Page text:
Dan Black stood in sacrament meeting Feb. 1 and bore his testimony for the first time in his life.
He recalled his journey into full Church activity, which began Nov. 26, 1996, when he was baptized. It included a loving and supportive family at home and dozens of supportive Church members in the Platte City Missouri Stake who enthusiastically welcomed him into their ward and life.It also included visits with stake missionaries to Church sites and family history centers, and a trip to the temple to do baptisms for the dead. It concluded when he received his endowment and was sealed to his wife, Glenda, and three children in the St. Louis Temple Dec. 27 - a little more than a year after his baptism.
There in the temple with them were Charles and Joan Hitchborn, stake missionaries. Brother Hitchborn had answered Brother Black's questions, been there the first time he offered a prayer during a Church meeting, and finally served as his escort through the temple.
The Hitchborn's calling enables them to help new and less-active members in the Platte City Missouri Stake enjoy all the blessings of full Church activity. As part of the effort, stake missionaries are assigned to help new members learn about the Church heritage, family history, and temple work. (Please see related article on this page.)
Brother and Sister Hitchborn, recent converts to the Church themselves, could not be happier with their calling as stake missionaries. Helping new members develop and grow in the Church is a process, Brother Hitchborn said. "We are sort of like helpful traffic cops, showing them the way to go and helping them over bumps and obstacles that they may have."
The Hitchborns wish stake missionaries would have been available to help them when they joined the Church two years ago. They, like many new converts, had a lot of questions that went unanswered. "Even though we had been through the discussions and been baptized, we still had a lot of questions to ask," Brother Hitchborn said. "I remember feeling bad about asking questions, like why are we doing these things and how are they done? This gives Joan and me an opportunity to answer these questions for new members and help them find their way."
The Hitchborns, and other stake missionaries, attend all adult baptisms. They give new members a family group sheet and talk to them about the importance of family history work. They attend the gospel principles class with new members on Sunday and keep them informed of any temple preparation classes that are offered in the stake. They also invite new members to join them at the temple to perform baptisms for the dead.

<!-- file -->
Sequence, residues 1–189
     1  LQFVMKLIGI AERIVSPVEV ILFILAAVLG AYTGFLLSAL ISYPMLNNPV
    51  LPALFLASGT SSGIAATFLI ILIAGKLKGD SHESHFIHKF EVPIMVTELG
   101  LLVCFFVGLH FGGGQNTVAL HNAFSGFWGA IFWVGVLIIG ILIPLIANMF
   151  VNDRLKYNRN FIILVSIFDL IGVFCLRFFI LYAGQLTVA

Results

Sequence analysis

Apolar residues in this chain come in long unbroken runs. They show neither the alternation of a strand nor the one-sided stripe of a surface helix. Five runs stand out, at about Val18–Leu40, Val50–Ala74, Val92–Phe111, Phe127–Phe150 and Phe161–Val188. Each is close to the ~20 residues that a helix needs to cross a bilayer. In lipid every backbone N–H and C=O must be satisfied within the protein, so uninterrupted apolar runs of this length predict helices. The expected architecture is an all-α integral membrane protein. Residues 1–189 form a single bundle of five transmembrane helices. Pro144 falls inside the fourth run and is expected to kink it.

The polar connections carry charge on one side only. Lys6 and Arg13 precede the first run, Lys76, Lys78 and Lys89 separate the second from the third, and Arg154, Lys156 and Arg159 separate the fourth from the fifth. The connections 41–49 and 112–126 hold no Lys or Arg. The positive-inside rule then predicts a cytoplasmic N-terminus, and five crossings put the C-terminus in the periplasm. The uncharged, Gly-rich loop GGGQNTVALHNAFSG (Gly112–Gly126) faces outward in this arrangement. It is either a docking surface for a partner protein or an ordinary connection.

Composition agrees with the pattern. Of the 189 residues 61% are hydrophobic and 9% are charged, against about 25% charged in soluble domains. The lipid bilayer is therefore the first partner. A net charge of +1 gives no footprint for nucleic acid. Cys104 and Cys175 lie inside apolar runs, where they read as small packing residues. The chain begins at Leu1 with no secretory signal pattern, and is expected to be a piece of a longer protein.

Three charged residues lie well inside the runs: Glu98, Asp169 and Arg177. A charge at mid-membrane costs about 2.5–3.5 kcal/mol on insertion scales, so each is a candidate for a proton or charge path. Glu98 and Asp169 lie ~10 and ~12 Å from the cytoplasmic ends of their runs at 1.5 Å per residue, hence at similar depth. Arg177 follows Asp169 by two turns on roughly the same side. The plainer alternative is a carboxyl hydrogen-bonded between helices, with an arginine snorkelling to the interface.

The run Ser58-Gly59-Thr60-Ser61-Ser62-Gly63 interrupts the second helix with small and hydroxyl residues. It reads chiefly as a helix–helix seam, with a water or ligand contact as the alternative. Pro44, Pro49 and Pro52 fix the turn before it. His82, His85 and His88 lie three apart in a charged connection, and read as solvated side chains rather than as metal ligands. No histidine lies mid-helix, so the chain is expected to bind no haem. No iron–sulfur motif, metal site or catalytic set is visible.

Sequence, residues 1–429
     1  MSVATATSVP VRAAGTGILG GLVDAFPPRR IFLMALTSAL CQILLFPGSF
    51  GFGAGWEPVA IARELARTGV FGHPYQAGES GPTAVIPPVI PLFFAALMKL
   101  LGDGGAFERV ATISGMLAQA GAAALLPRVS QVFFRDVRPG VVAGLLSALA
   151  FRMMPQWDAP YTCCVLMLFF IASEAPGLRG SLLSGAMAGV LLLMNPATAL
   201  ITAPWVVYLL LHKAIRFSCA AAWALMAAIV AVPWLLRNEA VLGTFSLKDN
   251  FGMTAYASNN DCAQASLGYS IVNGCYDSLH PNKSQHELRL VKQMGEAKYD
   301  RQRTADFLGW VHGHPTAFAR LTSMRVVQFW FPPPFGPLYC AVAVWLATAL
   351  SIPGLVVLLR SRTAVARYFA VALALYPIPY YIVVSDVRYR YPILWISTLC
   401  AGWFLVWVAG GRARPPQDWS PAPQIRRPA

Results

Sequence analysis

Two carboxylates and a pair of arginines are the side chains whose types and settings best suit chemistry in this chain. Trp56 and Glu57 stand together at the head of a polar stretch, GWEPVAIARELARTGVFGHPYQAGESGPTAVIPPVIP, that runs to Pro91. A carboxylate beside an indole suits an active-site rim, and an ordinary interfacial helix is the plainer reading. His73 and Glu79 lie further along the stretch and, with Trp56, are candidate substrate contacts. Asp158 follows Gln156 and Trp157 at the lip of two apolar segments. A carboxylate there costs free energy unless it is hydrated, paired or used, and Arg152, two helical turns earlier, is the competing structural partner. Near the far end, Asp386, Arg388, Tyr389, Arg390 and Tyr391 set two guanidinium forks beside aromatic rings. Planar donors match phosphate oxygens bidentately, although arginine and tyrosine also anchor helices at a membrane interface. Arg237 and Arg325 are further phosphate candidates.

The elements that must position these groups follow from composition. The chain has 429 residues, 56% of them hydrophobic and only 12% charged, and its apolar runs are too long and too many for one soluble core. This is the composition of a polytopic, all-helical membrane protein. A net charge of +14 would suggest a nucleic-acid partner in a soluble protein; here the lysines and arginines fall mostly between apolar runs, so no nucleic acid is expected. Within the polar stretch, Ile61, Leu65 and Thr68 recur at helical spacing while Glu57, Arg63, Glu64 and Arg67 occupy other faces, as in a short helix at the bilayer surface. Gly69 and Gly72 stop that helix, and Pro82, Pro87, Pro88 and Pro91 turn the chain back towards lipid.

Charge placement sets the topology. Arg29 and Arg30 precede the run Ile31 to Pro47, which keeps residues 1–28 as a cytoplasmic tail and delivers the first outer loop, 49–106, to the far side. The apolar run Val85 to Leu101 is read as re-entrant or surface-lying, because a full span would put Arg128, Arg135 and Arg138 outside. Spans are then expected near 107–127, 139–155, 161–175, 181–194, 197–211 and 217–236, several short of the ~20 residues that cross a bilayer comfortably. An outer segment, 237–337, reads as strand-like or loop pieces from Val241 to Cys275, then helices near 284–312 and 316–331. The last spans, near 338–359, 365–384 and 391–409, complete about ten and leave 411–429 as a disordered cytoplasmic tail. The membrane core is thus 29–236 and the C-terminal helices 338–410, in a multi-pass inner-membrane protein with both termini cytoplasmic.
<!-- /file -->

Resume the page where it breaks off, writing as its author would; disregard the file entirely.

The Hitchborns have been asked to work at least three days a month in the St. Louis Temple - which is about a four-hour drive from their home. To make it easier for the couples to travel to St. Louis from the Kansas City area (a distance of about 225 miles), the stake has rented an apartment near the temple.
But fellowship doesn't stop after visits to the temple, said Brother Hitchborn. New members have questions about why, how and where to receive a patriarchal blessing. They need to know where to find a tithing slip and how to subscribe to the Church News and other publications "that will help them be aware of the Church, its growth and messages from its leaders." They introduce them to the ward clerk and other members, socialize with them, and offer support when they talk or pray in Church.
"New converts are very hungry to learn all that they can about the Church," Sister Hitchborn said. "We can help them with their questions."
The Hitchborns say serving as missionaries has its own rewards. They returned to the temple with the Blacks just a few weeks after Brother Black had been through for the first time. As he left the temple, Brother Black said, "I just feel like I am on fire."
"When you hear comments like that," said Sister Hitchborn, "and you can see it in their face and you can feel it in your heart, then it is all worth it."
Ronald B. Stapley, president of the Platte City Missouri Stake, said he is already seeing positive results from the stake's fellowshipping effort - which was implemented last June in response to President Hinckley's plea to support new members.
"The key," Pres. Stapley said, "is that these [stake missionaries] are set apart to work in the name of the Lord to assure that they bring the less active and new members to the point where they have the full blessings of the gospel in their homes."
In addition to the effort, he said, he also encourages all members of his stake to give of themselves. "The idea," Pres. Stapley emphasized, "is that if you walk into Church and there is someone you don't know, that is the person you go to first. You literally go out of your way to make sure that new families feel like they are loved and that they are needed."
Pres. Stapley also makes sure that he interviews all the adult converts in his stake shortly after they join the Church.
Brother Black said he considers the stake president to be a personal friend. "I wouldn't hesitate to call him anytime," he said.
He was happy Pres. Stapley was able to hear him bear his recent testimony in Church. The full-time missionaries, Brother Black explained, made him feel "like he has a place in God's plan." Church leaders, stake missionaries, and dozens of friendly members "showed me where I fit."
"It doesn't get any better than this," he said.